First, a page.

I’ve read many times that the derivative of a function f(x) for a certain x is the best linear approximation of the function for values near x.

I always thought it was meant in a hand-waving approximate way, but I’ve recently read that:

“

Some people call the derivative the “best linear approximator” because of how accurate this approximation is for x near 0 (as seen in the picture below). In fact, the derivative.” (from http://davidlowryduda.com/?p=1520, where 0 is a special case in the context of Taylor Series).actually is the “best” in this sense – you can’t do betterThis seems to make it clear that the idea of “best linear approximation” is meant in a literal, mathematically rigorous way.

I’m confused because I believe that for a differentiable function, no matter how small you make the interval ϵ around x, there will always be for any a near x in that interval a line going through x that is either as good an approximation of f(a) as the one given by f′(x) (in case the function is actually linear over that interval), or a better approximation (the case in which the line going through (x,f(x)) also goes through (a, f(a)) and any line between this line and the tangent at x).

What am I missing?

**Answer**

As some people on this site might be aware I don’t always take downvotes well. So here’s my attempt to provide more context to my answer for whoever decided to downvote.

Note that I will confine my discussion to functions f:D⊆R→R and to ideas that should be simple enough for anyone who’s taken a course in scalar calculus to understand. Let me know if I haven’t succeeded in some way.

First, it’ll be convenient for us to define a new notation. It’s called “little oh” notation.

**Definition**: A function f is called little oh of g as x→a, denoted f∈o(g) as x→a, if

lim

Intuitively this means that f(x)\to 0 as x\to a “faster” than g does.

Here are some examples:

- x\in o(1) as x\to 0
- x^2 \in o(x) as x\to 0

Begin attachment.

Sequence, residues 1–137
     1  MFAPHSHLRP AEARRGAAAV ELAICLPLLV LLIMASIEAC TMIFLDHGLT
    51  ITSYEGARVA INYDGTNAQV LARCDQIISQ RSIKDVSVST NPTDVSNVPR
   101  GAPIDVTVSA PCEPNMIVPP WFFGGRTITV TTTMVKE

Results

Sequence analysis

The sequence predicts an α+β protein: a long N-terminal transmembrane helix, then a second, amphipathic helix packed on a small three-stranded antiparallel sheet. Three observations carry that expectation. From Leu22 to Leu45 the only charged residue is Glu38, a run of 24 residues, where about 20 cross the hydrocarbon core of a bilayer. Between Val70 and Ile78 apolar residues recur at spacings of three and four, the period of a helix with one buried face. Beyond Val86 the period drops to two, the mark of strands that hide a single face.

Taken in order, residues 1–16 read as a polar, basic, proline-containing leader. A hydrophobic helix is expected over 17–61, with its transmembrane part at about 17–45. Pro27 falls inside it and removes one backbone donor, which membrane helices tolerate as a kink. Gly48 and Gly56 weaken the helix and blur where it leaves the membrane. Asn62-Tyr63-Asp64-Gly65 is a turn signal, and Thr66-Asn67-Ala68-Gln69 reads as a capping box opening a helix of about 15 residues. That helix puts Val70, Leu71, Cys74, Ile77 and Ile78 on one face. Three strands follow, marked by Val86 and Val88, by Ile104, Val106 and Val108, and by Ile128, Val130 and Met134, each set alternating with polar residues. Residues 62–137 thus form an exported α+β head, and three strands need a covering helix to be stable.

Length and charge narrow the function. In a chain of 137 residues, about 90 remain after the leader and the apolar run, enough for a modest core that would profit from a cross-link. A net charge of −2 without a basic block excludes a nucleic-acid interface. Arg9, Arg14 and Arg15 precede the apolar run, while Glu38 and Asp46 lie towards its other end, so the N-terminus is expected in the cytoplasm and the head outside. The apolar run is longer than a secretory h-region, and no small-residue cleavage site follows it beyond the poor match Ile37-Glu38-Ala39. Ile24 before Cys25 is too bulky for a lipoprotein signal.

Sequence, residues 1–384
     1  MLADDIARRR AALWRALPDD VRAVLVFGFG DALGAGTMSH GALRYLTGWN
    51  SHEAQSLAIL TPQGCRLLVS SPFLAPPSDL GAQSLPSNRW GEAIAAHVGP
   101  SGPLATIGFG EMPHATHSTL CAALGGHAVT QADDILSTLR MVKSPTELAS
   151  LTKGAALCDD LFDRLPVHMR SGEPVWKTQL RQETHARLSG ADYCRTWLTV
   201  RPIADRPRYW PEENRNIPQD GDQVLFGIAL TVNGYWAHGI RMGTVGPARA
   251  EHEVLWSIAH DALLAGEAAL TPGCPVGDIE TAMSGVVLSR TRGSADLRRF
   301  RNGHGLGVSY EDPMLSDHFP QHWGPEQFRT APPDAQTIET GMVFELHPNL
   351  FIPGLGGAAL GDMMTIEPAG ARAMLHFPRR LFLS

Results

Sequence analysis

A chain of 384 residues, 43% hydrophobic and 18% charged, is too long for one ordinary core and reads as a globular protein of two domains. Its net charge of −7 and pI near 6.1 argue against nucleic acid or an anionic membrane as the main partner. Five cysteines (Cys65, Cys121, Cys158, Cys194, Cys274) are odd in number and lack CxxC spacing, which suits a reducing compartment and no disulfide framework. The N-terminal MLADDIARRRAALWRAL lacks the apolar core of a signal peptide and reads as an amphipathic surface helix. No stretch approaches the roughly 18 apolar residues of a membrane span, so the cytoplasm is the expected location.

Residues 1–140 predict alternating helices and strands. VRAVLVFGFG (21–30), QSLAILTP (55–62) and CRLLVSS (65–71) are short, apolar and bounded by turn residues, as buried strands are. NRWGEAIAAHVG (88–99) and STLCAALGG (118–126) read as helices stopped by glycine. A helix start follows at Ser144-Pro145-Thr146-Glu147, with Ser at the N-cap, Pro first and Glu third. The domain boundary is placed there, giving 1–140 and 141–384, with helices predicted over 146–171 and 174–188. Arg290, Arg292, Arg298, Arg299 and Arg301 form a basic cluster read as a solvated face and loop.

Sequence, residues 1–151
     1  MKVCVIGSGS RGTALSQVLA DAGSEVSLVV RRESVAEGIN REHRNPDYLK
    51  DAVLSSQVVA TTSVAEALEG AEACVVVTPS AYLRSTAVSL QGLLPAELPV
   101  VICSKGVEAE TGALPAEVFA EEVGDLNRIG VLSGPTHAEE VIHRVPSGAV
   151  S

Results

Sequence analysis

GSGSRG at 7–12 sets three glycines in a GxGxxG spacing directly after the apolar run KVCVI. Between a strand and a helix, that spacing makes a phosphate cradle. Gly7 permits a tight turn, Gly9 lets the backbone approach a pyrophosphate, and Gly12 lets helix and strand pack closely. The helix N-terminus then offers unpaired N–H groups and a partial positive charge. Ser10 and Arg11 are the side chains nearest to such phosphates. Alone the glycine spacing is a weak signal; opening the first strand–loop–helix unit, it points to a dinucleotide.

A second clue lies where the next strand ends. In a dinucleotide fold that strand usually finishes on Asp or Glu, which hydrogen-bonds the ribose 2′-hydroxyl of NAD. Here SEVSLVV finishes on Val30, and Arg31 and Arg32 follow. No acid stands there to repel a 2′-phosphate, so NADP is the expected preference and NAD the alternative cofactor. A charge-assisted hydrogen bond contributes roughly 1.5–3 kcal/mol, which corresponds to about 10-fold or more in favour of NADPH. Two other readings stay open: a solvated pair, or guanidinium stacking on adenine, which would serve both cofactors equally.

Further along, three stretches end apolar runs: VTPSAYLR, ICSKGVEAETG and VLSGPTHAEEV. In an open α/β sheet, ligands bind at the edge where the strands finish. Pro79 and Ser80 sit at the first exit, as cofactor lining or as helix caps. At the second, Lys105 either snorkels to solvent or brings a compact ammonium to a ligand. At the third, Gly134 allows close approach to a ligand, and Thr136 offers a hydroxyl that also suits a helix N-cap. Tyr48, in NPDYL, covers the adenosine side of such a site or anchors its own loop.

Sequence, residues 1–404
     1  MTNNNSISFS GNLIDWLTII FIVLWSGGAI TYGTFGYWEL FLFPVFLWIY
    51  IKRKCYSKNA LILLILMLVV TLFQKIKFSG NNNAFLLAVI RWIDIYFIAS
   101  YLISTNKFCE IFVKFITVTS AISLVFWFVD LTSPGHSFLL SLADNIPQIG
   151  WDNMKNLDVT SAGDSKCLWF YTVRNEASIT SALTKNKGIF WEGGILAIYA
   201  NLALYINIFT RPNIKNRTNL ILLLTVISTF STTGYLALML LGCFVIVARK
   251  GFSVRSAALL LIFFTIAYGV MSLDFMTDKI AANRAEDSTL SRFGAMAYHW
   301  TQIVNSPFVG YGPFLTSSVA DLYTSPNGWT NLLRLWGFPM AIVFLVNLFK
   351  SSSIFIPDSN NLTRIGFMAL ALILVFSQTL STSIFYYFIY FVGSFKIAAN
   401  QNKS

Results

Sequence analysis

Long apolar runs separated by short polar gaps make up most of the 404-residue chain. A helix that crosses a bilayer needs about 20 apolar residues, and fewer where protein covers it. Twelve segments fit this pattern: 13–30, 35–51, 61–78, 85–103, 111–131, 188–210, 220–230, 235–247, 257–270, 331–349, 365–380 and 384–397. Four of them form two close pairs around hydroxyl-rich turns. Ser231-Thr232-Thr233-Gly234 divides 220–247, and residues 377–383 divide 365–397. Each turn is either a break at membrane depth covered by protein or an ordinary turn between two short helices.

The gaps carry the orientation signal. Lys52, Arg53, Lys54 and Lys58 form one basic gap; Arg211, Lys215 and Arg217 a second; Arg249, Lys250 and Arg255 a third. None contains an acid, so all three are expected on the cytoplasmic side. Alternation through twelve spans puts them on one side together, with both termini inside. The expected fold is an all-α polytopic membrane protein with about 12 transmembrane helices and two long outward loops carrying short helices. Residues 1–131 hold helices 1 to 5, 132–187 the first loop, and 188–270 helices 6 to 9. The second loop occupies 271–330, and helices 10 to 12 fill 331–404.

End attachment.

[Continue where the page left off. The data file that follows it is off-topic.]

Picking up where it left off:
- x\in o(x^2) as x\to \infty
- x-\sin(x)\in o(x) as x\to 0
- x-\sin(x)\in o(x^2) as x\to 0
- x-\sin(x)\not\in o(x^3) as x\to 0

Now what is an affine approximation? (Note: I prefer to call it affine rather than linear — if you’ve taken linear algebra then you’ll know why.) It is simply a function T(x) = A + Bx that *approximates* the function in question.

Intuitively it should be clear which affine function should best approximate the function f very near a. It should be L(x) = f(a) + f'(a)(x-a). Why? Well consider that any affine function really only carries two pieces of information: slope and some point on the line. The function L as I’ve defined it has the properties L(a)=f(a) and L'(a)=f'(a). Thus L is the unique line which passes through the point (a,f(a)) and has the slope f'(a).

But we can be a little more rigorous. Below I give a lemma and a theorem that tell us that L(x) = f(a) + f'(a)(x-a) is the **best affine approximation** of the function f at a.

**Lemma**: If a differentiable function f can be written, for all x in some neighborhood of a, as f(x) = A + B\cdot(x-a) + R(x-a) where A, B are constants and R\in o(x-a), then A=f(a) and B=f'(a).

**Proof**: First notice that because f, A, and B\cdot(x-a) are continuous at x=a, R must be too. Then setting x=a we immediately see that f(a)=A.

Then, rearranging the equation we get (for all x\ne a)

\frac{f(x)-f(a)}{x-a} = \frac{f(x)-A}{x-a} = \frac{B\cdot (x-a)+R(x-a)}{x-a} = B + \frac{R(x-a)}{x-a}

Then taking the limit as x\to a we see that B=f'(a). \ \ \ \square

**Theorem**: A function f is differentiable at a iff, for all x in some neighborhood of a, f(x) can be written as

f(x) = f(a) + B\cdot(x-a) + R(x-a) where B \in \Bbb R and R\in o(x-a).

**Proof**: “\implies“: If f is differentiable then f'(a) = \lim_{x\to a} \frac{f(x)-f(a)}{x-a} exists. This can alternatively be written f'(a) = \frac{f(x)-f(a)}{x-a} + r(x-a) where the “remainder function” r has the property \lim_{x \to a} r(x-a)=0. Rearranging this equation we get f(x) = f(a) + f'(a)(x-a) -r(x-a)(x-a). Let R(x-a):= -r(x-a)(x-a). Then clearly R\in o(x-a) (confirm this for yourself). So f(x) = f(a) + f'(a)(x-a) + R(x-a) as required.

“\impliedby“: Simple rearrangement of this equation yields

B + \frac{R(x-a)}{x-a}= \frac{f(x)-f(a)}{x-a}. The limit as x\to a of the LHS exists and thus the limit also exists for the RHS. This implies f is differentiable by the standard definition of differentiability. \ \ \ \square

Taken together the above lemma and theorem tell us that not only is L(x) = f(a) + f'(a)(x-a) the only affine function who’s remainder tends to 0 as x\to a **faster** than x-a itself (this is the sense in which this approximation is the *best*), but also that we can even **define the concept differentiability** by the existence of this best affine approximation.

**Attribution***Source : Link , Question Author : jeremy radcliff , Answer Author : mucciolo*